Colin Chambers began his journey at Delaware Valley University in 2006 as the Environmental Health and Safety Specialist. Colin is a native to the Southeastern Pennsylvania area and received his bachelor’s degree in environmental science from Lehigh University. Following graduation, he moved to Denver, Colorado to work at the National Water Quality Laboratory. After about a year and a half, Colin decided to move home to be closer to his family. Once back in the area, Colin started working as an environmental consultant for a firm that was directly contracted by the EPA to address issues surrounding Superfund sites and brand new toxic contamination sites.
While working as a consultant, Colin was exposed to the questionable decisions made on behalf of the industries responsible for contaminating the water, air, and soil. This made him wonder whether better policy and better regulation could have prevented some of the mistakes made by property owners or business interest to begin with. During our discussion, Colin mentioned, “I’m sure the people who are responsible for these environmental issues thought it was a great idea to dump all their waste out the back door, it’s cheap! But it ends up costing society a lot of money when the responsible parties are forced to file bankruptcy due to the cost of clean up or, in some cases, disappear altogether.” Colin’s right, at the end of the day the responsible parties aren’t responsible at all, especially when society is left holding a toxic bag that is unexpected, detrimental to our health, and expensive to clean up and dispose of.
Around the same time, he was working as an environmental consultant, Colin intended on continuing his education at the University of Delaware’s Center for Energy and Environmental Policy. Unfortunately, Colin’s plans were put on hold due to an administrative error, but not for long. Lucky for DelVal, Colin landed a job as the Risk Manager and Environmental Health and Safety Specialist in 2006. A few years after taking the job, the college launched the first version of the MPP program, known then as the Policy Studies program. Colin took this opportunity to earn a master degree in Policy Studies because it offered a similar curriculum to the program at the University of Delaware.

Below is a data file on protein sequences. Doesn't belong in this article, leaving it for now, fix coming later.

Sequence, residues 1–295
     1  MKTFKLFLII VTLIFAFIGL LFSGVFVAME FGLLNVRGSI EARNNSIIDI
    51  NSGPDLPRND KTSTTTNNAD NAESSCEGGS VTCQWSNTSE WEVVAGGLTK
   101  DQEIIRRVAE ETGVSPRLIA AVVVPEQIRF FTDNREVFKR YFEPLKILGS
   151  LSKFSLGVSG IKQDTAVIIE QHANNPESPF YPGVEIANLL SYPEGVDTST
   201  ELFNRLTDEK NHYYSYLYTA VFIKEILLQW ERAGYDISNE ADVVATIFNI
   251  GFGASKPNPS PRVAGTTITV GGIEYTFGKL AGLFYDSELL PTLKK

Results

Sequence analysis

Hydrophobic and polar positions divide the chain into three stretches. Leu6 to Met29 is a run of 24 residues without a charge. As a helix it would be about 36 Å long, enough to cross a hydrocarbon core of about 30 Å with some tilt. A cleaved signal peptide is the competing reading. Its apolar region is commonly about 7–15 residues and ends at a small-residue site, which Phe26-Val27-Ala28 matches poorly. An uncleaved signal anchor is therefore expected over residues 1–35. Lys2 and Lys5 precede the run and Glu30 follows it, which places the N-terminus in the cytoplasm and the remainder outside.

Although Colin comes from a strong environmental background academically and professionally, the environmental aspect isn’t the only perspective of public policy that interests him. Colin mentioned that as he has grown older and started raising a family, he has been faced with different taxes and the particulars of school districts. Through his experiences as a parent, as a taxpayer, and as a student of public policy, Colin feels that “Whether it’s the local school board, the county government, or the state government, getting some personal insight on how these institutions function has helped me understand that they are all going through a very similar policy-making process. Knowing how public policy is made is a benefit to probably everybody.”
While remaining an employee of DelVal and becoming Risk Manager in 2012, Colin has continued to be a dedicated student for many semesters as he works his way towards his goal. As part of his capstone for the MPP program, Colin is working on a project regarding the transfer of ownership of DelVal’s water supply. Colin is unsure of how the end analysis is going to turn out but he is working with a consultant and the local municipal authority to put a value on the system and take an in-depth look at the costs and benefits to DelVal and to the township to determine what makes the most sense for both groups.
When concluding this interview, I asked Colin about his plans following graduation, “I’m gonna have a beer!” he humorously exclaimed as a smile spread across his face. Also, Colin is looking forward to spending more time with his kids in the evening. On another note, Colin mentioned that he had always thought in the back of his mind that it would be a great thing to either work at the federal or state level for some sort of environmental organization, specifically the EPA or PADEP. All in all, Colin wishes to remain a lifelong learner and has entertained the idea of instructing academic courses for freshman or in the field of environmental science.